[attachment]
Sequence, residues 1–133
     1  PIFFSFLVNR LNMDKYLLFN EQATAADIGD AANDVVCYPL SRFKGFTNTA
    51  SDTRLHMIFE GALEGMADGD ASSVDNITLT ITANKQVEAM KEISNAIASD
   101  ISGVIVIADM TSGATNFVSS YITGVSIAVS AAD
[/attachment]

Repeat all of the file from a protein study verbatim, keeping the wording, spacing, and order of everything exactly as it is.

Sequence, residues 1–133
     1  PIFFSFLVNR LNMDKYLLFN EQATAADIGD AANDVVCYPL SRFKGFTNTA
    51  SDTRLHMIFE GALEGMADGD ASSVDNITLT ITANKQVEAM KEISNAIASD
   101  ISGVIVIADM TSGATNFVSS YITGVSIAVS AAD